Traditional Tamales Recipe

Tamal or the plural Tamales is a traditional Mesoamerican dish made of masa, a dough made from nixtamal corn, which is steamed in a corn husk or banana leaf.

Yields 24 Tamales



  • 2 dozen dried cornhusks (can be substituted with 8″ X 4″ sheets of kitchen parchment)
  • 2 cups. masa harina (corn flour)
  • ⅓ cup lard (can be substituted with margarine or unsalted butter)
  • 1½ tsp baking powder
  • 1½ tsp salt
  • 1½ cups warm stock

Soak cornhusks in hot water until softened. Cream the lard until light and fluffy.
Mix the masa harina with baking powder and salt, and beat into the lard in small amounts.

Beat in stock to make a soft paste. The dough should be soft and pliable. To test the dough you can place a small amount in water, if it floats it is the right consistency.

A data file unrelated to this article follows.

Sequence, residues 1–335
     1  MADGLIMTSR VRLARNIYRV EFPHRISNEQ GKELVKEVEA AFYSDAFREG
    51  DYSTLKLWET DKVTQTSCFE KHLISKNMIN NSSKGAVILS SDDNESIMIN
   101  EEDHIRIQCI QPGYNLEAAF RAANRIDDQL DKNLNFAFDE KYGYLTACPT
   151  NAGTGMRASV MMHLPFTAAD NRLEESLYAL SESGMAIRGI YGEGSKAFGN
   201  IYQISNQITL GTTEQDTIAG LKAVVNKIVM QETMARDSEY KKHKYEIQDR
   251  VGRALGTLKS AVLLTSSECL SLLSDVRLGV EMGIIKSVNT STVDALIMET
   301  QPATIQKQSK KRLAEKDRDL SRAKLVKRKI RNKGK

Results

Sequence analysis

Shake excess water from cornhusks. Spread 1 tablespoon of the dough on the center of the cornhusk. Leave room to fold over the top and bottom edges. Add 1 tablespoon of the filling. Fold cornhusk and dough over the filling so that it is completely covered.  Fold the top and bottom.

Arrange tamales over the steamer rack stacking loosely to allow for the dough to expand.

Tamales should not come in contact with the water.

Steam for about an hour or until dough comes away from the husks when unrolled.

Serve hot.

Fillings  Tamales can be filled with all sorts of meats and condiments and sauces.  Meat should be always boneless and shredded. Fillings have to be cooked beforehand.

Tamales Verdes are made with chicken in a green tomatillo sauce.

Tamales Rojos are made with pork and mole sauce.

Tamales con Rajas are made with sliced poblano peppers, and manchego or mozzarella cheese.